Travellers to USA and Canada urged to be vigilant about West Nile Virus


The National Disease Surveillance Centre today (Monday) urged intending travellers to the USA and Canada to be vigilant about West Nile Virus infection - a normally mild illness, but one that can produce severe infection of the brain - which has recently appeared in North America and usually peaks in late summer.

NDSC specialist in public health medicine, Dr Paul McKeown said that while there have been no reported cases of the disease in Ireland or the UK, it is important for travellers to be aware of this small, potential risk and of the appropriate preventative measures.

"West Nile Virus is spread by the bite of an infected mosquito. Four out of five people who are bitten will have no symptoms at all, while about 20% will develop a mild flu-like illness, with fever, headache and aches and pains. Less than 1% develop more severe disease which produces headache, high fever, stiff neck, sore eyes, disorientation, muscle weakness, convulsions and coma.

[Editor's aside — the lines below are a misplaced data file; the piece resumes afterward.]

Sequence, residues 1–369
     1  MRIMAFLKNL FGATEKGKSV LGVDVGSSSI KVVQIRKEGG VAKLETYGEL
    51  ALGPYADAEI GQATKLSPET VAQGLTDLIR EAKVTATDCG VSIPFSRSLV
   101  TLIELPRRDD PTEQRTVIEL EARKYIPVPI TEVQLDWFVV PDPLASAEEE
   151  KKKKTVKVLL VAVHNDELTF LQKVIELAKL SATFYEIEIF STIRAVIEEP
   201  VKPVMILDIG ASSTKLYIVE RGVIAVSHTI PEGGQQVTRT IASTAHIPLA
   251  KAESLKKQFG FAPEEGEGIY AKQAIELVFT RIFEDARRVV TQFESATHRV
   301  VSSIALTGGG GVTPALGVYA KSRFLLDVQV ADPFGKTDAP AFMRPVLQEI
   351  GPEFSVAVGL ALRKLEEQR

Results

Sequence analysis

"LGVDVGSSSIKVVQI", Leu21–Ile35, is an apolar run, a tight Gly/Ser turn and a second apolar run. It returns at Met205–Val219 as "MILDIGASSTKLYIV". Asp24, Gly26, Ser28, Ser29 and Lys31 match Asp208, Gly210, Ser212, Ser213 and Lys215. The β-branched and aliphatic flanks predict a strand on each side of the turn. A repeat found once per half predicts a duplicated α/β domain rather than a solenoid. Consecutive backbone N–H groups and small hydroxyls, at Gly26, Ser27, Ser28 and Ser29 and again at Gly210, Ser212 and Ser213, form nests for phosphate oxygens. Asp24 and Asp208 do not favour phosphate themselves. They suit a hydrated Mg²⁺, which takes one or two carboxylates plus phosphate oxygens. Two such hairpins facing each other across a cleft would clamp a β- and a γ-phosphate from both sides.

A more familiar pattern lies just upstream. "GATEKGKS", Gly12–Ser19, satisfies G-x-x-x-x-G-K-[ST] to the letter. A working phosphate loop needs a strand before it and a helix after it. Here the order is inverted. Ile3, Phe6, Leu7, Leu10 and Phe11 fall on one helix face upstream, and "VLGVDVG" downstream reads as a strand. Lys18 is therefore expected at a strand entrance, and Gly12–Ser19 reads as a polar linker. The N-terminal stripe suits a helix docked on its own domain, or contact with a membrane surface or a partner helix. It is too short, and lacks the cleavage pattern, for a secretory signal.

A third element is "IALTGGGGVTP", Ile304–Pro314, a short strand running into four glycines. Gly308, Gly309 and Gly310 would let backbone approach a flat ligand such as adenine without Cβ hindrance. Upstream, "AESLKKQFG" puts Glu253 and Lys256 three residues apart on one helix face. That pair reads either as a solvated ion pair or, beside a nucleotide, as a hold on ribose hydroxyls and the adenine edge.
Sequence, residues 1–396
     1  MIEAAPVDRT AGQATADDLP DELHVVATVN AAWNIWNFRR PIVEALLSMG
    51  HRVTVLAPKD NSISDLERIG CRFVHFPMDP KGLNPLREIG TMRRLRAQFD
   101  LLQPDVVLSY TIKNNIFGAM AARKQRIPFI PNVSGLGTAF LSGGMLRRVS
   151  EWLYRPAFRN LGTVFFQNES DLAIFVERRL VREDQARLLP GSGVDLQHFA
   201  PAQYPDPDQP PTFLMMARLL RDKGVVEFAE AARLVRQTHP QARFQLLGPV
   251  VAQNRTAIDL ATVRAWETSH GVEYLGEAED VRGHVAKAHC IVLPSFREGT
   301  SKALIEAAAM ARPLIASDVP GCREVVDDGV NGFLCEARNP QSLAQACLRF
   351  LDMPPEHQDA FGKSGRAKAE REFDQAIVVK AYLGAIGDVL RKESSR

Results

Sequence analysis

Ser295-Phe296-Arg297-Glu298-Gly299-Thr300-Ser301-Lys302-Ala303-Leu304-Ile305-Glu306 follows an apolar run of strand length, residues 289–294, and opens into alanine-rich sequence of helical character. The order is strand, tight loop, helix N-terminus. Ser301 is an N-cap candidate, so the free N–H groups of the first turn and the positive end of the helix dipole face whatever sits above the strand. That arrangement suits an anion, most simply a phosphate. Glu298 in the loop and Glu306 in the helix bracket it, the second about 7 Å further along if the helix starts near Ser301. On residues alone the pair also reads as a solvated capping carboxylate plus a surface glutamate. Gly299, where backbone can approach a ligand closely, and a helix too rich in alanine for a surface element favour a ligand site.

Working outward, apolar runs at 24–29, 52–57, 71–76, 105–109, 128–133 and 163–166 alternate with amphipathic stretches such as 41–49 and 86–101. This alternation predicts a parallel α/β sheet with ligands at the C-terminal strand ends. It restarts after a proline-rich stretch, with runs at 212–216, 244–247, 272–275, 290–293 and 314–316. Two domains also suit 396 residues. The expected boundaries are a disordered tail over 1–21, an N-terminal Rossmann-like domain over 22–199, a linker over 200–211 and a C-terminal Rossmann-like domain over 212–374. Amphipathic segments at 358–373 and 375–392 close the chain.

"The risk of developing severe symptoms increases with age. Over 50s are about ten times more likely than children and young people to develop severe symptoms; the risk for those over 80 is almost 50 times higher. People with weakened immune systems are likely to be more vulnerable to severe disease.

"About 7% of severe cases in the US have died as a result of complications of West Nile Virus. These were mostly in the 50 plus age category. Last year, the US had over 4,000 cases including 284 deaths, while Canada reported almost 400 cases for the same period.

"People should enjoy their holidays in the USA and Canada as normal. The best way to protect yourself against West Nile Virus, is to protect yourself against mosquito bites. Travellers should note that mosquitoes carrying West Nile Virus are most active at dawn and dusk. Where possible, people should avoid areas near water where mosquitoes are more likely to be present. Long sleeves, long trousers, socks and closed shoes should be worn and mosquito repellents used. When indoors, screens, nets and air conditioning can reduce the possibility of mosquito bites.

"There is no specific treatment or vaccine for the disease. Mild cases recover quickly with simple symptomatic ('cold and flu') treatment. More severe cases require hospitalisation and specialised supportive treatment."